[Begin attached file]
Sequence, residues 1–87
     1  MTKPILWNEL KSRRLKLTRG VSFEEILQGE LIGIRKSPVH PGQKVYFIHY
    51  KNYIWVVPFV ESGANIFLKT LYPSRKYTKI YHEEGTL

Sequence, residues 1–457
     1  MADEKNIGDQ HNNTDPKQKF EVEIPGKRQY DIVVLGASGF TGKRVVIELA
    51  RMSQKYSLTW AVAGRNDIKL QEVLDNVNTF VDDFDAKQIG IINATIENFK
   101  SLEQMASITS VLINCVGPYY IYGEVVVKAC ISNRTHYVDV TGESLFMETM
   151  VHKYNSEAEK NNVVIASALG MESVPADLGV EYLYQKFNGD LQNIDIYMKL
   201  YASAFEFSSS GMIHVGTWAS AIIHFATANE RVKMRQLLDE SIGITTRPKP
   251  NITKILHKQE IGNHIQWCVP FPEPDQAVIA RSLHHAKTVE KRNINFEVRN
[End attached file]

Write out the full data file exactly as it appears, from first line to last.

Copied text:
Sequence, residues 1–87
     1  MTKPILWNEL KSRRLKLTRG VSFEEILQGE LIGIRKSPVH PGQKVYFIHY
    51  KNYIWVVPFV ESGANIFLKT LYPSRKYTKI YHEEGTL

Sequence, residues 1–457
     1  MADEKNIGDQ HNNTDPKQKF EVEIPGKRQY DIVVLGASGF TGKRVVIELA
    51  RMSQKYSLTW AVAGRNDIKL QEVLDNVNTF VDDFDAKQIG IINATIENFK
   101  SLEQMASITS VLINCVGPYY IYGEVVVKAC ISNRTHYVDV TGESLFMETM
   151  VHKYNSEAEK NNVVIASALG MESVPADLGV EYLYQKFNGD LQNIDIYMKL
   201  YASAFEFSSS GMIHVGTWAS AIIHFATANE RVKMRQLLDE SIGITTRPKP
   251  NITKILHKQE IGNHIQWCVP FPEPDQAVIA RSLHHAKTVE KRNINFEVRN